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Utah lawmakers hear allegations of horrific health-insurance fraud at treatment centers

First Published      Last Updated Oct 22 2015 10:37 pm


Substance-abuse facilities » Investigator tells Utah lawmakers fraudulent bills sent to insurance companies add up to tens of millions of dollars statewide.

Fly-by-night substance-abuse treatment centers are cashing in on tens of millions of dollars in fraudulent billings, shopping for patients — sometimes even importing them from out of state — and in some instances providing no care or treatment, a Utah legislative committee was told Thursday.

In some cases, owners of facilities were sleeping with patients; in others, they were drinking or doing drugs with those in treatment, a former manager of one treatment center told lawmakers.

Patients were listed as living in the homes of employees and in some cases actually slept on employees' couches while the treatment center collected insurance checks for the substance-abuse treatment.




The insurance companies apparently targeted most were Regence Blue Cross Blue Shield and BridgeSpan, sister companies both owned by Cambia Health Solutions.

"We were targeted because of our out-of-network benefit," said Randy Maurer, an investigator for Cambia.

House Majority Leader Jim Dunnigan, R-Taylorsville, asked Maurer how much the fraud was costing the insurance companies.

"It's in the tens of millions for the last year alone," Maurer said.

"Just in Utah?" Dunnigan asked incredulously.

"Just in Utah," Maurer said.

"Seriously, tens of millions of dollars? Just for your company?" Dunnigan pressed.

"It's put many of us in a huge cash-flow problem," he said.

Maurer's investigation has revealed that some rehab centers will have clients recruit acquaintances — even inmates leaving Salt Lake, Davis and Utah county jails — who need alcohol or drug treatment. The client doing the recruiting gets a kickback of $500 to $1,000 for every new client recruited, he said.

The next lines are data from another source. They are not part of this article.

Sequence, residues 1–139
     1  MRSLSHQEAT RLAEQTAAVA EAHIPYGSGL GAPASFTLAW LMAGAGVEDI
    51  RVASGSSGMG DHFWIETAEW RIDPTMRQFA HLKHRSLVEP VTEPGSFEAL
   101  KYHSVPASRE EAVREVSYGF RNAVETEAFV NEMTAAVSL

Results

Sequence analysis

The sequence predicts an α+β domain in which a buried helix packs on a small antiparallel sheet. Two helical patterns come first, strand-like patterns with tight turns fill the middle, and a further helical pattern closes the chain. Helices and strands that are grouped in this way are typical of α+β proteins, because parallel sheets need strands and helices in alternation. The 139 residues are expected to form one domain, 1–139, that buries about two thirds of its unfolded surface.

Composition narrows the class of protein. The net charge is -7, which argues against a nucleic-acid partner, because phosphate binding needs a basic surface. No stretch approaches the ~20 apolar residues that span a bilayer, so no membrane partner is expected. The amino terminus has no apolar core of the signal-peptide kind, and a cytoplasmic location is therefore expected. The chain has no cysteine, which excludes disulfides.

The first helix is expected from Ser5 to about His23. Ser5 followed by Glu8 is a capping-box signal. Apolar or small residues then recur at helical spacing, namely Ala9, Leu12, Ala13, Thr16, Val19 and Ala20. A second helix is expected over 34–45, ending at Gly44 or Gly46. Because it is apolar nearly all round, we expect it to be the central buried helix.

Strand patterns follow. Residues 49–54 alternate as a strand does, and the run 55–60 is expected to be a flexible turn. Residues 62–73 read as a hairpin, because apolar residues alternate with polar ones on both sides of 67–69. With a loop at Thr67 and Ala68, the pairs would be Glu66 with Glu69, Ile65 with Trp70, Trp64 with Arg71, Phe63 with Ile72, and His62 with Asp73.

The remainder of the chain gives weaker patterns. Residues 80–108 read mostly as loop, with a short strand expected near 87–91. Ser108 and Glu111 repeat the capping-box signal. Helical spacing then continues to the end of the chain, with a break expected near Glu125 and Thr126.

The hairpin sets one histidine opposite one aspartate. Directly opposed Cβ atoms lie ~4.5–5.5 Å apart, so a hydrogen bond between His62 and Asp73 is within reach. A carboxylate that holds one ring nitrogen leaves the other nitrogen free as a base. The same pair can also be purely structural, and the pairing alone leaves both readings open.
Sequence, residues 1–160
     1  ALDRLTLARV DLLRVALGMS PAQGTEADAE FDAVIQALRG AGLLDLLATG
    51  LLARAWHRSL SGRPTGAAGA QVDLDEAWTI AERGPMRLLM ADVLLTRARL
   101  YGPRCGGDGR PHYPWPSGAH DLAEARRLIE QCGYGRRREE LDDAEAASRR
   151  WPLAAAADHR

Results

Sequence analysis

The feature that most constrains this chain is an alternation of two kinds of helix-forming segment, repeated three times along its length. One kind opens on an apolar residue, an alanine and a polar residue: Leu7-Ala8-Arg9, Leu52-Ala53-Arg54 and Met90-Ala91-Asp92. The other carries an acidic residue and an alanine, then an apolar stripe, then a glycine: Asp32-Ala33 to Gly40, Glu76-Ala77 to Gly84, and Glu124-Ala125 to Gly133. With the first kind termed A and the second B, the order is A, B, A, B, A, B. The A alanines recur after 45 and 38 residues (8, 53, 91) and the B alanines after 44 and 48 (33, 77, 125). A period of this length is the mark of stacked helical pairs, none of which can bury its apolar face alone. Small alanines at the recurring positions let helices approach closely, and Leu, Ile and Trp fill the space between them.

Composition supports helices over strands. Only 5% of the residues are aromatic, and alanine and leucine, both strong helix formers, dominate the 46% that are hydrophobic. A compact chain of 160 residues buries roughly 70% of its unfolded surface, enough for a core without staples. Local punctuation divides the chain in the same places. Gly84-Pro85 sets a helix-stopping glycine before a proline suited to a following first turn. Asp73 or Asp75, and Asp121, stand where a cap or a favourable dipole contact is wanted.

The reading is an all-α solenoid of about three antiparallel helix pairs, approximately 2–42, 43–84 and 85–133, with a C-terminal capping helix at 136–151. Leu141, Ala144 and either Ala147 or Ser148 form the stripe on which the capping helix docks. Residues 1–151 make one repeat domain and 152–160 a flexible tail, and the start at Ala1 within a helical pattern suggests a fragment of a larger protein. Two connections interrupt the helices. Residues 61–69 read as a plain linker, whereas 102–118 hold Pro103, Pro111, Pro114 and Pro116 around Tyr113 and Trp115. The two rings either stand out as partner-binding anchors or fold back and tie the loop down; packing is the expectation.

When the would-be client shows up at the center, she or he is signed up for health insurance, and the center promises to pay the premium and expenses up to the deductible. Sometimes, the clients are told to list the center for a personal address; other times, they're told to use employees' addresses, Maurer said.

Once insurance kicks in and approves treatment, the patient moves into the center for perhaps three months. A 90-day treatment might bring in $30,000 — and that's not counting any lab work the center bills insurance for, he said.

Some clients have gone from treatment center to treatment center, he said.

It costs the patient nothing, he said, but the providers rack up "exorbitant charges," billing the insurance providers for tens of thousands of dollars worth of care that no one is receiving.

Maurer said he has found claims for Utah patients with out-of-state phone numbers and Social Security numbers. When he visited one rehab center to meet the clients his company insures, he was told they were not there.

He was flanked at the hearing by the president of a trade group for substance-abuse centers and a former house manager for a rehab center that has since closed in Monticello, in southeastern Utah.

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